I don’t know about you, but seeing that old life depicted on TV or in films makes me feel rather nostalgic. Relatives and friends meeting up, giving each other a friendly hug. People happily standing close together, rather than avoiding one another like the plague. Crowds enjoying a music concert or sporting event. ‘We used to be able to do that’, you think. Well, hopefully we’ll be able to do that kind of thing again in the not too distant future.

But there is a prospect of something better than ‘back to normal’. Jesus came not simply to wind the clock back to the time before sin and death entered God’s world. He came to bring a new creation. Sin and death will be no more. The glory of God will shine brightly. That’s why the Son of God came into our world to die for our sins on the cross and be raised from the dead. One day he will return to make all things new. Those who believe in Jesus already belong to that new and better world, “if anyone is in Christ, he is a new creation. The old has passed away; behold, the new has come.”

* For the February editions of Trinity Parish Magazine, Dilton Marsh and News & Views, West Lavington 

Wednesday, January 27, 2021

None Greater: The Undomesticated Attributes of God, by Matthew Barrett

Baker Books, 2019, 296 pages, Kindle edition

'Behold your God!' That is the message given to the herald of good news in Isaiah 40:9. But what kind of God should we expect to 'behold'? Is he just like us, but bigger and better? After all, the Bible tells us that we are made in his image (Genesis 1:26). According to classic theism God is a perfect being, 'without body, parts or passions'. But 'perfect being theology' has had a bad press of late. We want a God who can enter into the suffering of wretched humanity, not a remote Being who is sublimely undisturbed by the woe of the world. 

But if  the God we behold is a domesticated deity, cut down to size and shorn of his divine majesty, can we trust him, does he command our highest worship? Of course, the key thing is what God has revealed of himself in the pages of Holy Scripture. Very true. It is the case, however, that our reading of the Bible can be skewed by our 21st century perspective. Our psychological age demands a therapeutic deity who can feel our pain and soothe our troubled minds. That's why it's helpful to listen to the voices of those who have read God's Word in previous centuries. They also were people of their times, but the their insights can at least make us aware of our own biases.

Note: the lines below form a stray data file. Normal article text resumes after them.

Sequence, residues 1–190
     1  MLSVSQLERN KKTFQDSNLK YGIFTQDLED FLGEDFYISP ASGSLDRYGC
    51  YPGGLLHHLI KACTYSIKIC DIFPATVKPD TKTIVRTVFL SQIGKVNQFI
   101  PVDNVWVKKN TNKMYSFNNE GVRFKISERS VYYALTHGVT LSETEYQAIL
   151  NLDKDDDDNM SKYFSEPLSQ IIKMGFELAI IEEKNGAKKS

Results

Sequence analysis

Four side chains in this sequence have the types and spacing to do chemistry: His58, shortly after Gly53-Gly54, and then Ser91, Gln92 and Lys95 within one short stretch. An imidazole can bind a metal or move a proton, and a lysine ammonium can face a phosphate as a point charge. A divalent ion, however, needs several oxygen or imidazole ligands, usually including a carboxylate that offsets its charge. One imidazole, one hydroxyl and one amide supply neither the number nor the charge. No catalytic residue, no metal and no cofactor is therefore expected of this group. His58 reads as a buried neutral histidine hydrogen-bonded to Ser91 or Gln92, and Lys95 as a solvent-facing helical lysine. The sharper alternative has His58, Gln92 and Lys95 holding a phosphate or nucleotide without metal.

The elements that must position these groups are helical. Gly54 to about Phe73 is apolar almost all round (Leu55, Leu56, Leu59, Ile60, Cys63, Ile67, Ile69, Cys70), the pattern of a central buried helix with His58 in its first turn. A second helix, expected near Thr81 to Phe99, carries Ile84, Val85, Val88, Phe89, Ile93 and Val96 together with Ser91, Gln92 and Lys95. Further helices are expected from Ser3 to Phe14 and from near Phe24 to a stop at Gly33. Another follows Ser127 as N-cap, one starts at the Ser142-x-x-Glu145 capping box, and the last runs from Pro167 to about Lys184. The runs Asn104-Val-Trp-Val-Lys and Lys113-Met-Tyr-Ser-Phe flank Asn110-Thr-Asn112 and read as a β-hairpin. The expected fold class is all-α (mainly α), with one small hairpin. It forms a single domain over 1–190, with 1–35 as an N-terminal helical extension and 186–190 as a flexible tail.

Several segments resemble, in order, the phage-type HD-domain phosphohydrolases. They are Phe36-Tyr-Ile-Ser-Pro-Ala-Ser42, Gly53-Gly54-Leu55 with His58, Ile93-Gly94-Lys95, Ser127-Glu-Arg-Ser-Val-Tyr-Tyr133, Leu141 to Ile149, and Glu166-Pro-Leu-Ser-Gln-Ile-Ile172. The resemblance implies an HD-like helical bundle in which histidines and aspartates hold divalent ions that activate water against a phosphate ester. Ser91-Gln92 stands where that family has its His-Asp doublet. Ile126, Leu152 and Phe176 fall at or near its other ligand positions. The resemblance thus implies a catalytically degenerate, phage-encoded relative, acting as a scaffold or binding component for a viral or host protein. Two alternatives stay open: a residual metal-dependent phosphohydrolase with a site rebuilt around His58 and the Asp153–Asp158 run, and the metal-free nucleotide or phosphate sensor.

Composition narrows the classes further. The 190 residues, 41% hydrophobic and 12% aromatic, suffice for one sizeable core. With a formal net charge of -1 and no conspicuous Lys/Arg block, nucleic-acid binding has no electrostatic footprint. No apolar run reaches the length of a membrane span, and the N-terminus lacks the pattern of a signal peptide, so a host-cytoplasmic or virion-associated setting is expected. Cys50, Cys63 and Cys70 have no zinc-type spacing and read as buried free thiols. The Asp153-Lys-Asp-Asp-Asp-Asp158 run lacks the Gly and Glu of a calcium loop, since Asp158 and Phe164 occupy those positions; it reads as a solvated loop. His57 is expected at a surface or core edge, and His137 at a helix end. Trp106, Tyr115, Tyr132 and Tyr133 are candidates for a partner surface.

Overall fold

Matthew Barrett wheels on the 'A Team'. No, not Mr T and the gang, but Augustine of Hippo, Anselm and Thomas Aquinas. Those three theological greats were attentive readers of the Bible and it was from its pages that they understood that God is the perfect being than which none greater can be thought. If he were anything less, he would not be God at all. While the focus here is on the being of God, the theologian does not lose sight of the three persons who share the one divine essence; Father, Son and Holy Spirit. 

The book's subtitle speaks of the Undomesticated Attributes of God. We domesticate God when we dissolve the fundamental biblical distinction between God our Creator and the creature. As finite creatures we cannot know God as he knows himself. Our knowledge of him is true, yet analogical. The Bible may speak of God in creaturely terms, but that is on account of it being divine revelation accommodated to our capacity. God is pure Spirit. He therefore has no 'hands', 'eyes', or 'nose'. Neither does the sovereign Lord have regrets, or change his mind. If the Scripture's anthropomorphic language is not to be taken literally, neither is its anthropopathic descriptions of God's 'emotions'. All that is in God is God. He is therefore eternal, infinite and immutable in his being and attributes.